Although the operation of the mechanism described above will be understood from the foregoing description by persons skilled in the art, a summary of such operation is now given for convenience.
Referring to the embodiment illustrated in FIGS. 1-3, if the control cable 51 (FIG. 2) is initially moved toward the control mechanism 56 and the control cable 52 is initially moved away from the control mechanism 56, each of the control arms 46, shafts 41 and vanes 42 will be pivoted about the axes of the shafts 41 to the open position in which each vane 42 extends substantially parallel to the axis of its associated opening 37 and therefore effects a minimal obstruction of the opening 37. Accordingly, the air-fuel mixture produced by the carburetor 27 (FIG. 1) will flow through the passages 34 in the intake manifold 32, through the openings 37 in the valve plate 36, and through the intake ports 17 to the combustion chambers 12. Since the central location of the carburetor 27 on the manifold 32 means that the air-fuel mixture must flow a longer distance through the passages in the intake assembly 26 to reach the two outermost intake ports 17 and the associated combustion chambers 12, the two centrally located cylinders 12 will typically receive a larger quantity of the air-fuel mixture at higher engine speeds than the two outer cylinders. If the operator of the vehicle wishes to equalize the quantity of air-fuel mixture supplied to the two outermost cylinders with respect to the quantity of air-fuel mixture supplied to the two central cylinders, he will manually adjust the lever controlling the cable 52 so that the vanes 42 in the two centrally positioned openings 37 obstruct the flow of the air-fuel mixture therethrough to a greater extent than do the vanes 42 in the two outermost openings 37 obstruct the flow therethrough. Precise equalization is facilitated by the fact that an infinite number of positional settings of the vanes 42 are possible.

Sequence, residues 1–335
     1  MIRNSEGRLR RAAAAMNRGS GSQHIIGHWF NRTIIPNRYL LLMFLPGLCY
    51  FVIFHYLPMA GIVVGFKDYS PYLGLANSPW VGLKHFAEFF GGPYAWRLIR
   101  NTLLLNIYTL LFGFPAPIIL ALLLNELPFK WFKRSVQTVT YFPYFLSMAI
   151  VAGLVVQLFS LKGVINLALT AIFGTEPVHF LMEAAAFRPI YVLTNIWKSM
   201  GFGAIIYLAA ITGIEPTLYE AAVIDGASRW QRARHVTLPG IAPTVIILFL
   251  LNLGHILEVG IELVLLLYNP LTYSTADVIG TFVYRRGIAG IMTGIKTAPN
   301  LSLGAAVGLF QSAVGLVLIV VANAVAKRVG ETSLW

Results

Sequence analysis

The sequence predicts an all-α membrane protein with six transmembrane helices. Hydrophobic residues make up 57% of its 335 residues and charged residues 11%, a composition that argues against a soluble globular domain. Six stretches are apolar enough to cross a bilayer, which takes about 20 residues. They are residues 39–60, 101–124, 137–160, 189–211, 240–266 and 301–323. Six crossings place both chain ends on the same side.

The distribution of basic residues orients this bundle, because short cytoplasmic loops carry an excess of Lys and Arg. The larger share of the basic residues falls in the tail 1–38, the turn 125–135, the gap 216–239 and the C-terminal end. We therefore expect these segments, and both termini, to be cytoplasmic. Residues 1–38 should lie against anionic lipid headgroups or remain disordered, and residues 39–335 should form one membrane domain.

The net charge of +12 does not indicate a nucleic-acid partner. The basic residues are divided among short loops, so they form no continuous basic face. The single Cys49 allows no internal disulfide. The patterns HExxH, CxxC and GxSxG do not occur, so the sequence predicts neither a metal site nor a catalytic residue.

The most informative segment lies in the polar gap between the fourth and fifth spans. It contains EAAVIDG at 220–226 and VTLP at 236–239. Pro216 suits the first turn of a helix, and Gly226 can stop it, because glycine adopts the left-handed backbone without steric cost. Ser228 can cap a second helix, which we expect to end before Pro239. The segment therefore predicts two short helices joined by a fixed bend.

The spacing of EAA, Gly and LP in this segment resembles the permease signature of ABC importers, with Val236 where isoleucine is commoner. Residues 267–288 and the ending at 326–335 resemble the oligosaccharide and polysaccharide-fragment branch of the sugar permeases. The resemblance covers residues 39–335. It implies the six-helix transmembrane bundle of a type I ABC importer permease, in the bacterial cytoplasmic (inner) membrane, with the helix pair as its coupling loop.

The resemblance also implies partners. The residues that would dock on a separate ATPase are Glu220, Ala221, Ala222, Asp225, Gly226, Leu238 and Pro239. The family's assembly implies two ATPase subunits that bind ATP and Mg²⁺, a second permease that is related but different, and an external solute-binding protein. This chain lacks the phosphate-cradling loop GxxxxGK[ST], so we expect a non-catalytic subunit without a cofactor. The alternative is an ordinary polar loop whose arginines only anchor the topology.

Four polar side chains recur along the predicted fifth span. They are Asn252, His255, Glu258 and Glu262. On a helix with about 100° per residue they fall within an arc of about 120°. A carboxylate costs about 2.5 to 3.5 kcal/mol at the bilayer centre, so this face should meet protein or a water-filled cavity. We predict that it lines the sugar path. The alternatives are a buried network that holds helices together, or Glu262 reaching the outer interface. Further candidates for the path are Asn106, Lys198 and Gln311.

If the operator of the vehicle wishes to completely disable two of the combustion chambers in the engine in order to conserve fuel, he can move either of the control cables 51 and 52 to a position in which the associated vanes 42 substantially completely obstruct the associated openings 37, thereby shutting off substantially completely the air-fuel mixture to those combustion chambers so that the engine runs only on the two combustion chambers which are still receiving fuel. The deactivated combustion chambers can be quickly reactivated when full engine power is needed by moving the associated cable 51 or 52 to the position in which the associated vanes 42 extend parallel to the axes of the associated openings 37.
The operation of the embodiment illustrated in FIGS. 4 and 5 is similar in all respects to the operation described hereinabove with respect to the embodiment of FIGS. 1-3, and is therefore not described here in detail.
Although two preferred embodiments of the invention have been described in detail for illustrative purposes, it will be recognized that variations or modifications of the disclosed apparatus, including the rearrangement of parts, lie within the scope of the present invention.
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|U.S. Classification||123/198.00F, 123/403, 123/336|
|May 16, 1986||FPAY||Fee payment|
Year of fee payment: 4
|Jun 19, 1990||REMI||Maintenance fee reminder mailed|
|Nov 18, 1990||LAPS||Lapse for failure to pay maintenance fees|
|Jan 29, 1991||FP||Expired due to failure to pay maintenance fee|
Effective date: 19901118